The Czech Foreign Minister, Tomáš Petříček, denied on Monday that Czechia organized the ongoing protests in Belarus after the Belarusian president accused the country of fomenting dissent amid a disputed election, Lidovky.cz reported. Petříček stated that Lukashenko has presented no evidence of interference, although he said that Czechia’s general policy was to support an independent civil society in the country. The statement comes amid the onset of opposition protests after the weekend election was rocked by accusations of voting irregularities.
Petříček also denied that Czech-exported flash grenades used against protestors were exported by Czechia. According to a photo on Telegram, an encrypted messaging app, a Czech flash-bang produced in 2012 was used against peaceful protestors, as reported by iDnes. Czechia has maintained its participation in the EU embargo of arms on Belarus as of 2011.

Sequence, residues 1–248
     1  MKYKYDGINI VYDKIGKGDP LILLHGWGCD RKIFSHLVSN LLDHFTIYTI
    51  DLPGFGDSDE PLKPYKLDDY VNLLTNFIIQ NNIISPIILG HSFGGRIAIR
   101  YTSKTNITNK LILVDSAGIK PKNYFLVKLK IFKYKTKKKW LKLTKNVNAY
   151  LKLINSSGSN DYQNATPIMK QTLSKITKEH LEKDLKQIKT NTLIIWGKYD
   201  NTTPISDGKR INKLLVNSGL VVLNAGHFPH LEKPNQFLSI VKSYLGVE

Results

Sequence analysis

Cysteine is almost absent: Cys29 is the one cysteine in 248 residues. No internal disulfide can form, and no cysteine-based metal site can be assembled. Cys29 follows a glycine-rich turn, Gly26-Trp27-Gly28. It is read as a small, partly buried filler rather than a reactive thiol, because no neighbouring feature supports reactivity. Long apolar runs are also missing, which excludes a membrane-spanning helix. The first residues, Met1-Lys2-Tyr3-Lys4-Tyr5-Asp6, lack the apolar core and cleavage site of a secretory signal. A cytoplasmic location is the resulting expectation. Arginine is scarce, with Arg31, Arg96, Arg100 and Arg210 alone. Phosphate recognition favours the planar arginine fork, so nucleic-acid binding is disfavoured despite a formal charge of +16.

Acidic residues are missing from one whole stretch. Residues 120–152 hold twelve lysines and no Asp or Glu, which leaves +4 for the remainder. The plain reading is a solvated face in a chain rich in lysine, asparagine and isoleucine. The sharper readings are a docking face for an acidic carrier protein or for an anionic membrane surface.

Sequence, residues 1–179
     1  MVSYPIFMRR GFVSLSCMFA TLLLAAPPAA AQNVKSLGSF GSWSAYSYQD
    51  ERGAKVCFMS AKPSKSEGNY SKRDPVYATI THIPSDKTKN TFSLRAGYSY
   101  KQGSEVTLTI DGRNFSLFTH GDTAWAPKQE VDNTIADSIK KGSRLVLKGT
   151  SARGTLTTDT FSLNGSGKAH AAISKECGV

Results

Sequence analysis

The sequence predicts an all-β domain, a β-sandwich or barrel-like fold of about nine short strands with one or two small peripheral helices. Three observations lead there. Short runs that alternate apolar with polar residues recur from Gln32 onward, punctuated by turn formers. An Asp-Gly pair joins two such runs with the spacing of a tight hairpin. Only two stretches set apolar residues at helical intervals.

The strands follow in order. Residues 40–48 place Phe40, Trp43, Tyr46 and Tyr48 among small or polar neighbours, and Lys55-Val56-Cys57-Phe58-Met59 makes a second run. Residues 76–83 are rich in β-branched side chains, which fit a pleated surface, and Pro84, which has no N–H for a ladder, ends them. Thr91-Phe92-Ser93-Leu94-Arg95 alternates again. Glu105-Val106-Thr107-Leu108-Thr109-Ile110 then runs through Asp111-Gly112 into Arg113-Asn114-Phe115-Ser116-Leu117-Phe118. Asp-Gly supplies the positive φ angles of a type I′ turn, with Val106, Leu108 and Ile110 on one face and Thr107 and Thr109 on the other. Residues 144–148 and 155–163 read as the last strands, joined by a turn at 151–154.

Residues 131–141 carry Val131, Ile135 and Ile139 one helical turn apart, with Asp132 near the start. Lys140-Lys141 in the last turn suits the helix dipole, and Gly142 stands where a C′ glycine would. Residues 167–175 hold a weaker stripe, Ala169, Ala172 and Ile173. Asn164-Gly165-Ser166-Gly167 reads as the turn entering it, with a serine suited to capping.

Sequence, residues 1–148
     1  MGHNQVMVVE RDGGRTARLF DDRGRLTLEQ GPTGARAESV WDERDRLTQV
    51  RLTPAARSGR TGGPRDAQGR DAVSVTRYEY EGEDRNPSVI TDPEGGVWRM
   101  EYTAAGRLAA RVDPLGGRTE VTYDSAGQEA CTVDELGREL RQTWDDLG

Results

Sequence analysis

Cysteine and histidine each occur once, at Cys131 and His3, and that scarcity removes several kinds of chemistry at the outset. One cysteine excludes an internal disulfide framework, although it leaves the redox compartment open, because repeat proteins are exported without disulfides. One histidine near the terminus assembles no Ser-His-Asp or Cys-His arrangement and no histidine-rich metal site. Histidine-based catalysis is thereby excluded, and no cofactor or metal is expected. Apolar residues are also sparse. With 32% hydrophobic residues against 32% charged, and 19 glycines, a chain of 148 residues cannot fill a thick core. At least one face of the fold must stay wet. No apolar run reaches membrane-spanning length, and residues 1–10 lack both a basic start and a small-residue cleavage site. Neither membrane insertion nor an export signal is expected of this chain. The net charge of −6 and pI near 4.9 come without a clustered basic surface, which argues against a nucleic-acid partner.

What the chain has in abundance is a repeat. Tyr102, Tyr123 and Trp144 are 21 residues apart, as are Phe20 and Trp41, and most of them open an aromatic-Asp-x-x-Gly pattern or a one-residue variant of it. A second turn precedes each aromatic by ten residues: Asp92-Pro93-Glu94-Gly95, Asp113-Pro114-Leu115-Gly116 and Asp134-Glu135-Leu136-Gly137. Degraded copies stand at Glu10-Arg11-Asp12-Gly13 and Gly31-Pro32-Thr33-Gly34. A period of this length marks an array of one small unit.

In a tweet reply, Petříček further explained:
“Unfortunately, there are other ways how this material could end up being used to suppress the demonstrations – black market or old production (before 2011) among them.”
Jiří Hynek, the President of the Association of the Defense and Security Industry of the Czech Republic, also denies that Czechia exported the flash-bang grenade to the Belarusian government.
“I looked at the statistics and, as far as I know, nothing like that was exported from us to Belarus,” he said to iDnes.
Petříček further criticized the Belarusian government on Twitter, stating that “We consider it unacceptable that a large number of people were detained before the vote in connection with the election campaigning and exercising of the right of assembly,” and called on the government to “stop punishing its citizens for exercising their constitutionally guaranteed rights.”